Speech: Transforming the economies of the world so that they work for women

Remarks by Under-Secretary-General of the United Nations and Executive Director of UN Women, Phumzile Mlambo-Ngcuka, at the Leave no one behind: Roundtable of the UN Secretary-General’s High-Level Panel (HLP) on Women’s Economic Empowerment


[As delivered]

I would like to start by thanking all of you for being here—for your presentations, for your encouragement, for the work that you have done thus far, and the work that you are going to do moving forward.

I want to recognize and thank the members of the Secretary-General’s High-Level Panel on Women’s Economic Empowerment, some of whom are here with their deputies. One of the anchor supporters of this work who is helping us to move forward is the ITC (International Trade Centre), which is another sister agency of the UN, and here with us today. They also gave this work a boost, and we thank you so much for the work that you do to engender trade policies so that trade matters to women.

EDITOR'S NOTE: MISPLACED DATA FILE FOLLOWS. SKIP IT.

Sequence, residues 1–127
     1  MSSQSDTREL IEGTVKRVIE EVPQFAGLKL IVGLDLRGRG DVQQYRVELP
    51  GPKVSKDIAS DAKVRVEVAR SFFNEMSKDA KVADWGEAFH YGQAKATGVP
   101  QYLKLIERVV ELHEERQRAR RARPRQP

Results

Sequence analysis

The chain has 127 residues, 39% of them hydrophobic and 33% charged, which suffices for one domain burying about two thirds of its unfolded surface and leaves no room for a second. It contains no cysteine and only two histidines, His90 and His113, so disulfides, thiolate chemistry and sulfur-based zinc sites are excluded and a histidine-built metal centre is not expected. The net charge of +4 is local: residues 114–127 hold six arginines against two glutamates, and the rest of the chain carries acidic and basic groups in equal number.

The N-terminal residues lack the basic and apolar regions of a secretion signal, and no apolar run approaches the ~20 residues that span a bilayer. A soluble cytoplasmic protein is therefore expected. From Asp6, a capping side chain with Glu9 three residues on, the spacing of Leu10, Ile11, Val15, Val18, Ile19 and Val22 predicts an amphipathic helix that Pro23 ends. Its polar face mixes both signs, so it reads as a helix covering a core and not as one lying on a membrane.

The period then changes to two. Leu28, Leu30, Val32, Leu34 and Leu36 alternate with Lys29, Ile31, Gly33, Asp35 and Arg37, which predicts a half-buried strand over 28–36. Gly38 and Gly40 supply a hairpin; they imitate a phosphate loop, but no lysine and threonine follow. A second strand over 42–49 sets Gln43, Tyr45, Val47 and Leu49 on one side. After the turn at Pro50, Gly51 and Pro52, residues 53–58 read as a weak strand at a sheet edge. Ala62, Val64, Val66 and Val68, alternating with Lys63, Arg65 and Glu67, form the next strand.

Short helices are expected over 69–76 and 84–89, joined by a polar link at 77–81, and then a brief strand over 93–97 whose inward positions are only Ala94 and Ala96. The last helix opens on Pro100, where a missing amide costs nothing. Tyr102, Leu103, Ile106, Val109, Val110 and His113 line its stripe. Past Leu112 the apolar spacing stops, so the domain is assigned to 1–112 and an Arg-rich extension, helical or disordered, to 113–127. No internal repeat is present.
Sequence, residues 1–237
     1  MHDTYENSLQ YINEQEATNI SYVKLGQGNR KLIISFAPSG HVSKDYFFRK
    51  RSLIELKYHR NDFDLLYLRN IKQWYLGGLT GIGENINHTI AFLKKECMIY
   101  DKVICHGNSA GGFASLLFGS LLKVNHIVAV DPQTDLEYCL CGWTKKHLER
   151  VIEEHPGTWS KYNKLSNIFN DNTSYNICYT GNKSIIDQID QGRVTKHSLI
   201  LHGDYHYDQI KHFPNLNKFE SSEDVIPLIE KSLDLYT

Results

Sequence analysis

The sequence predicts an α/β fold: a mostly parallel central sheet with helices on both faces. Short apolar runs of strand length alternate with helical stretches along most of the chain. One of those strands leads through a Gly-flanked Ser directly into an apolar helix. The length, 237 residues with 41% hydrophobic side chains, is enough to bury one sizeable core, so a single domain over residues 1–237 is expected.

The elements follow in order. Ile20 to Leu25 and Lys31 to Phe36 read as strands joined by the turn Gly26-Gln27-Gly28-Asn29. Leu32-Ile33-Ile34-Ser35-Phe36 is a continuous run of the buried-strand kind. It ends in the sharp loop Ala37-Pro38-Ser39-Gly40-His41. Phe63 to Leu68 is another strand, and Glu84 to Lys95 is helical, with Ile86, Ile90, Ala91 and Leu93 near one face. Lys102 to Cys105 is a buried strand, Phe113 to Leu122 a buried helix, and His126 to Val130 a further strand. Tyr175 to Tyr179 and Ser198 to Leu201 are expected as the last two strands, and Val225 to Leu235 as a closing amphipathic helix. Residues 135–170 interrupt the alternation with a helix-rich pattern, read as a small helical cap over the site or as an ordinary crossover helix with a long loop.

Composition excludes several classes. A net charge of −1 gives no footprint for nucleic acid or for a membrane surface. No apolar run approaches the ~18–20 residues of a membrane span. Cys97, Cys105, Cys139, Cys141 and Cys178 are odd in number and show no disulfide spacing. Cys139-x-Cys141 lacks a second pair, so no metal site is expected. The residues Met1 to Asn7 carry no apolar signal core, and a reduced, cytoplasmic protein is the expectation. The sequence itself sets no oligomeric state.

We have heard that many of the partners who are here have worked in the area of policies and laws. We heard from many Member States who have presented today. For example, the United Kingdom, which is an anchor partner for this initiative, has already passed laws to advance the work of the Panel.

We have heard from partners who are working with the private sector, who are paying attention to transforming that sector, so that it also participates in transforming the economies of the world, so that those economies work for women.

We also heard from multilateral institutions. We heard from the IMF (International Monetary Fund) on the number of initiatives that it is going to be looking into at the macroeconomic level to make sure that we are truly making economies work better for women. We also heard from Oxfam that we need to push the frontiers even more.